The Planning and Zoning Commission held a special meeting on the proposed 16-unit townhouse complex at Jelliff Mill Tuesday night. Several meetings have been held in the past few months discussing the various issues with the proposal.

Tim Hollister, an attorney representing the applicants, has gone back and forth with town officials and neighbors who oppose the initiative for a variety of reasons, including issues on affordability and environmental concerns.

Several experts representing all sides of the issue have presented their findings to the commission.

Ira Bloom, an attorney appointed as special counsel to the town, discussed the issue of the floodplain application brought up at the previous meeting.

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"A floodplain application is required and should have been completed in our view," Bloom, an attorney from Westport, said. "Mr. (Tim) Hollister (the attorney representing the applicants) obviously differs with that."

Todd Ritchie, a professional engineer with the firm GHD, discussed the flood issues at the last meeting. Ritchie concluded the most glaring concern is the special flood hazard area as defined by the Federal Emergency Management Agency. According to Ritchie, if any part of the structure is touching the special flood hazard area, as defined by the elevations of the area, then the applicant would need to get a flood regulation permit from FEMA.

"The edge of the building is still on the floodplain with the elevation patterns provided by FEMA," Ritchie said. "Flood permit regulations should be applied to the dam (portion) of the application, if anything."

Ritchie said if it is determined that the dam structure, which is a separate application from the condominiums, is a structure continuous with the rest of the proposal, then the flood permit would be needed for the whole building.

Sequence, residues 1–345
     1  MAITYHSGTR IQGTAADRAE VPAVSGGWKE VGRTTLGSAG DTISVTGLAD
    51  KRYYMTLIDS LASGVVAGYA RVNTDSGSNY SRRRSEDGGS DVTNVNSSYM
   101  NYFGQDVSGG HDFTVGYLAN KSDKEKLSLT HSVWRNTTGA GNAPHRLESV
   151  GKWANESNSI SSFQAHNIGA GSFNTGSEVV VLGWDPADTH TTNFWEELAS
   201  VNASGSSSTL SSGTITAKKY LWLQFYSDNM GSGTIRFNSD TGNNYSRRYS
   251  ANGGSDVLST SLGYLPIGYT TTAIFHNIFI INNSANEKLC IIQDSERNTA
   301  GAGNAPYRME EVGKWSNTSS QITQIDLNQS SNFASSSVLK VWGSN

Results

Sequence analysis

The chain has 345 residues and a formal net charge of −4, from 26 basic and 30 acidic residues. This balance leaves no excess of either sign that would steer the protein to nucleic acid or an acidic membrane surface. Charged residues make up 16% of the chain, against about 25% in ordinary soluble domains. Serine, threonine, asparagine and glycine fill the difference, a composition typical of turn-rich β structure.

"Our position, speaking for the lawyers involved, is that it's required now. It should have been done now and that is where we stand on this and we rely on the language in the regulations and important underlying policies," Bloom said. "What does it mean if they don't do it? Again, the commission will have to look at the various reports."

Hollister said he believes once the construction and work is done, the building will no longer be in the floodplain and therefore, no application is required. Before the condominiums are built, renovation and construction around building one and the dam will be completed, thereby changing the floodplain Hollister explained.

"Those conditions will not exist when the residential construction begins," Hollister said. "It only applies to what will be there when the work is done."

At the end of the meeting, Hollister made a final pitch on behalf of the applicants on why the commission should approve the applications.

"Simply put, there is nothing wrong with the applications and there is a number of things right with the applications," Hollister said. "Focus on the legal standards and the record evidence. Nothing wrong, lots of things right and that should be enough for approval."

Chairman Lazlo Papp of the Planning and Zoning Commission had some remarks after finally closing the public hearing months after the process began.

"It's an unprecedented seven public hearing process for one issue," Papp said. "I can assure everybody that the commission is going to deal with facts and the laws. It's not going to be swayed by public sentiment and popular demand."

The commission will make its decision on the applications within 65 days. As of now, Papp said they will plan at least two regular meetings for the commission to discuss the applications though it is quite possible they will need to schedule more times. The first deliberation meeting is scheduled for May 16 at 7 p.m.

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